Just when I was complaining about a boring summer, here comes Flir to shake things up with an agreement to buy government-focused sensor-maker ICx Technologies for about $274 million.
Nor should this move be overly surprising. Flir has been active in the space lately, and has been turning out good revenues and profits. They bought Directed Perception, a PTZ hardware maker, at end of last year, and bought Cedip at the end of 2007. And their 2Q results, announced a couple weeks back, show healthy net profit of $115 million on $618 million in revenue, for a nearly 19 percent net margin, with $284 million in cash.
As for ICx? Yeah, they weren’t doing quite as well. I think they’re going to release 2Q numbers after the market close today, but I can’t imagine they’re a whole lot better than what they’ve been reporting. They’re going in the right direction, but the last four quarters are still: loss of $1.3 million, loss of $3.85 million, loss of $2 million, loss of $1 million (1Q of 2010).
And the revenues have been up and down - nothing like the line moving up relatively steadily that you’d want to see from a young company that just did an $80 million IPO in late 2007. I’m guessing those guys that bought in early aren’t psyched. Early shares sold for as high as $17, and Flir is buying ICx shares now for just $7.55 a whack.
They bought PureTech, a video analytics manufacturer, in 2008, along with S3I, a bio-sensor manufacturer. In all, they’ve rolled up some 20 companies already, and here’s how their philosophy was laid out by CEO Colin Cumming back in April of 2009 when I interviewed him about his new gig:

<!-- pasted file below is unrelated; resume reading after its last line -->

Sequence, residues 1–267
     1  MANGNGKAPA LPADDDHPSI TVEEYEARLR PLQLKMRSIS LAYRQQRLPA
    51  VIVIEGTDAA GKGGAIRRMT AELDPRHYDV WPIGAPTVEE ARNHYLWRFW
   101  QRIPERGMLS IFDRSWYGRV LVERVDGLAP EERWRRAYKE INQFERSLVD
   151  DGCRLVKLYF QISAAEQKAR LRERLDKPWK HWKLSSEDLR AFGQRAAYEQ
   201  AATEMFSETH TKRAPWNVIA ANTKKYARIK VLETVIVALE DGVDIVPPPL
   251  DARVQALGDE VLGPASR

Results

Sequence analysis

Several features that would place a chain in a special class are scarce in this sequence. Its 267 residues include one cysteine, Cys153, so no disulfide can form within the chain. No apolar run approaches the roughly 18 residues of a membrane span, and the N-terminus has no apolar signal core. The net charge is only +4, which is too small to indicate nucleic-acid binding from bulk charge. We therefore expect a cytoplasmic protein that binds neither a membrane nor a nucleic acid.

While many think of ICx as providing solutions to federal and state governments, “the commercial market is an absolutely crucial part of the plan,” Cumming said. “Our goal is to provide a suite of solutions, options to our partners, and that means dealing with that at the point where they choose.” Essentially, he said, integrators can choose to resell one sensor at a time, a package of integrated sensors, “or we can be at an even higher level,” Cumming said. “And we’ll support those in any way they choose.”
Cumming also hopes to make it “really easy to work with us,” and ICx will be investing in training sessions in the field, webinars, in-house training, and “whatever it takes to expose our capabilities and potential to our partners.”
For example, he said, “the products that we think are the most powerful are some of the newer ones, and in some cases they’re not well known to the industry yet. Using radar for perimeter security, for example, is something we think is very powerful,” where the radar identifies targets and points the camera in the direction of the target. “But, as with any new technology, there’s a take-up period, an acceptance period,” Cumming said, “so we’re going to work very hard in reaching out to support new technologies, and we’ll be supporting the well known stuff as well.”
I bolded that last part, as I think it’s been part of the “problem,” if you want to call it that. I’ve only been in the business five years, but I can’t tell you how many times well-meaning and smart technology people have overestimated the speed at which new technology will be adopted by the integration and end user community in security.
People just don’t jump in with both feet in this industry, and anyone who has growth plans based on new-technology adoption really needs to go beyond ROI calculations and the use case. They need to get into the psychology of the industry and see just how entrenched people are in the way they’ve been doing things. You think it’ll be five years? That means it’ll be 10, in most cases. I don’t think you can be too conservative in your predictions.
So, what’s Flir want with all this sensing technology that’s outside of its optics and vision focus? Bio-sensing? Radar? Do they buy the same collection-of-sensors philosophy that got ICx off the ground? Or will they sell off the non-camera pieces?
I’ve got some calls in.